The Spirit of the Word


Concluded from the last paper.

     This Bible view of God is not only thus personally blessed to the Christian, but it assures us of another thing. God's plans and purposes are being carried out. Amid all the mutations of earthly things, its sin and sorrow, and tears, and woe, runs the golden thread of God's "purpose of the ages," (Eph. 3:11, N.V.*, margin), binding all together and to the eternal throne, and leading the creature unerringly to the final goal the image of the Creator.

     Not only is it true that God's plans are not retarded or hindered by the wickedness of man, but God uses wicked men to advance His plans. He not only does not allow the wrath of man to work against Him, but He causes it to praise Him. How wonderful is all this! There is nothing to fear. God reigneth. "He worketh all things after the counsel of His own will." If we can only see this great truth, and, in some degree, realize it, we shall have no cares and no anxiety either about ourselves or concerning God's work. All things work together for good. We have seen how some things, apparently evil, and only evil, have nevertheless under God worked together for good: though in the beginning they seemed to be all bad, yet in the end good has been the result. Can we not believe that this is true in all cases? Is it not certain that this is thus true? If God is almighty and all wise need he allow anything to take place that he cannot bring good out of in the end? Would He allow any such thing to happen? Surely not; to suppose such a thing would be to make God less than infinite, i.e., to dethrone him altogether. Hence it follows, and the conclusion is wonderful as well as inevitable, mark it well that all the events transpiring around us in the world, all the movements and actions to man, good and bad (as we term them) are all woven into the warp and woof of God's great plan light and shade, bright threads and somber ones, tears and laughter, woe and joy, and even good and evil all woven in to make the grand pattern of that rare tapestry that shall carpet and adorn eternity. Now we are looking at the wrong side of the figure, and we see many tangled and apparently ill assorted threads, disconnected ends and unsightly knots. But, ah! when we reach the other side! the fair pattern, the rich figure, the exquisite blending of color, in God's finished work! Then we shall exclaim, "O, the depth of the riches, both of the wisdom and knowledge of God! How unsearchable are His judgments and His ways past finding out?"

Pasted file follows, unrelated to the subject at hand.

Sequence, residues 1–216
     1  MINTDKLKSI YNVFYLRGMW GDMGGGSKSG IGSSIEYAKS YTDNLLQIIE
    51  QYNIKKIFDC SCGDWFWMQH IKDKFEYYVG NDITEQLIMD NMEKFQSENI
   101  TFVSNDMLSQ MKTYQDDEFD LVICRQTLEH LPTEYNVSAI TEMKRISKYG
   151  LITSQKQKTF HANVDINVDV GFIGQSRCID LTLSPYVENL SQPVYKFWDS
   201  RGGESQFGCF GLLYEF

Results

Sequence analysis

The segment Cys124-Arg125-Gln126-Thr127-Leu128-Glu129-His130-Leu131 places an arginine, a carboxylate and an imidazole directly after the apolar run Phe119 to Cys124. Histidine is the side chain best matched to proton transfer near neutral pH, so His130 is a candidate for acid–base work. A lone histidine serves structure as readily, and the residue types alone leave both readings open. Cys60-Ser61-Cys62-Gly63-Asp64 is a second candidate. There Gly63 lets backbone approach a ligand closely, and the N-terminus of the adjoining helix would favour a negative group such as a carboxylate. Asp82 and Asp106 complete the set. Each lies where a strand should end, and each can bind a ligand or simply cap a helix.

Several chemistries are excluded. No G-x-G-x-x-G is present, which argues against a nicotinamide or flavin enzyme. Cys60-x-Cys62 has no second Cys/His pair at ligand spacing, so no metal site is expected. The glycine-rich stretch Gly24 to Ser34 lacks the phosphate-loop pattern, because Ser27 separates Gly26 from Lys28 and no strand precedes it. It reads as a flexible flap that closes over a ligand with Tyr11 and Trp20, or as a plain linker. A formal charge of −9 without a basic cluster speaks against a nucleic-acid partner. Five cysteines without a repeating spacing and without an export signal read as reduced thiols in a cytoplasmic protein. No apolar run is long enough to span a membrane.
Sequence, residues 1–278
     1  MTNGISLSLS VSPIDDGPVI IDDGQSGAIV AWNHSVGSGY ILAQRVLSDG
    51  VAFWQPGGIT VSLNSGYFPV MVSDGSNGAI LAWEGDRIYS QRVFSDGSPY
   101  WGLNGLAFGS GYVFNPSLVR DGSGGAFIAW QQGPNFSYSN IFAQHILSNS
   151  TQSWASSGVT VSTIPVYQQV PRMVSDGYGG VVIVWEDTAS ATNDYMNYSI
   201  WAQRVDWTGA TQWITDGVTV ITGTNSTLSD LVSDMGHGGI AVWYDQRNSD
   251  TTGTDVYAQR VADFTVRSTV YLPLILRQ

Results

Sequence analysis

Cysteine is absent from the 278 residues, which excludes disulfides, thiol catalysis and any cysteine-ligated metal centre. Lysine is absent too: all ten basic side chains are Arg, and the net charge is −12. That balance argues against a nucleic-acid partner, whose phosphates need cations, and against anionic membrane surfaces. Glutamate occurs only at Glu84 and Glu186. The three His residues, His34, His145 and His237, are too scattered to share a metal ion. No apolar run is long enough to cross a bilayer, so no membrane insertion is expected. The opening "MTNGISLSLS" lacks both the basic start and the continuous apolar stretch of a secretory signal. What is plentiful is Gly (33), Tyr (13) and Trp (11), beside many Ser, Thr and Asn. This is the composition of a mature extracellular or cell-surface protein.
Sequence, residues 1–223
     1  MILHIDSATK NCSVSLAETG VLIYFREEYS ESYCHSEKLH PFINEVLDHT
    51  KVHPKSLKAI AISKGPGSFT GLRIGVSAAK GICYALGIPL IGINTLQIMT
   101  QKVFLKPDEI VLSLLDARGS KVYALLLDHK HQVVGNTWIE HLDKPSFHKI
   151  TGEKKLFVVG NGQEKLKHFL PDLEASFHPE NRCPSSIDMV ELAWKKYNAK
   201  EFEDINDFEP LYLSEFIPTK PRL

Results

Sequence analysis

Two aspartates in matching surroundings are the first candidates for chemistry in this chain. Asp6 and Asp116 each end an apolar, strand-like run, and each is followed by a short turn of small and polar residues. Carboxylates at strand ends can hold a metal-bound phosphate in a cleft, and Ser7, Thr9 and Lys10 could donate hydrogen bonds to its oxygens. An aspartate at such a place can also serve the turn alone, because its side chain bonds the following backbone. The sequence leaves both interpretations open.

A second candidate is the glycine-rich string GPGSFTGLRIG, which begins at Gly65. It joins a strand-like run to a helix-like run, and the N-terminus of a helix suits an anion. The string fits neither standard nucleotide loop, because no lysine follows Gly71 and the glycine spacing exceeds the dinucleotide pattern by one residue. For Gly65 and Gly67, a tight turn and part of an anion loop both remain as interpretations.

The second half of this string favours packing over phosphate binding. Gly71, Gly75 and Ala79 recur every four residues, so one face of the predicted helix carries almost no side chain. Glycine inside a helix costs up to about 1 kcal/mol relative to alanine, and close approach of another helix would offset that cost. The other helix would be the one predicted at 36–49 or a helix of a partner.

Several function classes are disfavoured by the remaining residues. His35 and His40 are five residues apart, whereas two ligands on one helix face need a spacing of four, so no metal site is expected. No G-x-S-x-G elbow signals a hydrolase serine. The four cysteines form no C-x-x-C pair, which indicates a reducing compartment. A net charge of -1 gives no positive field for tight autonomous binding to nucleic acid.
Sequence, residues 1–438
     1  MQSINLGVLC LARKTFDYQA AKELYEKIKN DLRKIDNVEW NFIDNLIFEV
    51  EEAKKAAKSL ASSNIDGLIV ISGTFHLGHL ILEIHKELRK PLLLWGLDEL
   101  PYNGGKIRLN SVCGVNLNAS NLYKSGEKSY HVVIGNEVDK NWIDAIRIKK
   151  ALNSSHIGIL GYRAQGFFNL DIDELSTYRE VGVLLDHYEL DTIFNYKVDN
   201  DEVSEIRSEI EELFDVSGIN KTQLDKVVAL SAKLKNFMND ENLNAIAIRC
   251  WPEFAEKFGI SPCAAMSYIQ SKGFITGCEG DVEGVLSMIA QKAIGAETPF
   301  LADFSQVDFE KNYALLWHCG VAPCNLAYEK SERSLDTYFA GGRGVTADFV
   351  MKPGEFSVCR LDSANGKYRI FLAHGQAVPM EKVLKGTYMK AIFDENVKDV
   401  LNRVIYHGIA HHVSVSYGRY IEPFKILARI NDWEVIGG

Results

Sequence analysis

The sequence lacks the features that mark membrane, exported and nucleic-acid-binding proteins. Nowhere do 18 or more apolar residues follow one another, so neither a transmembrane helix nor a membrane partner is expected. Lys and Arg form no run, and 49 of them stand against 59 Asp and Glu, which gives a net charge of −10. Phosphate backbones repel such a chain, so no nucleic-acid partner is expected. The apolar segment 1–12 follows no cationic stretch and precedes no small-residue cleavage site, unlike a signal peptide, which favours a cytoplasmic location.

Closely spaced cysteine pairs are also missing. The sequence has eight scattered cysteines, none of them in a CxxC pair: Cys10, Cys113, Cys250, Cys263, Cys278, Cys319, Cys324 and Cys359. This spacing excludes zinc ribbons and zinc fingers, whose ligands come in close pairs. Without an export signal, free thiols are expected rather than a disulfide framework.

*i.e. New Version; refers to The English Revised Version of 1881-1885 (RSV)

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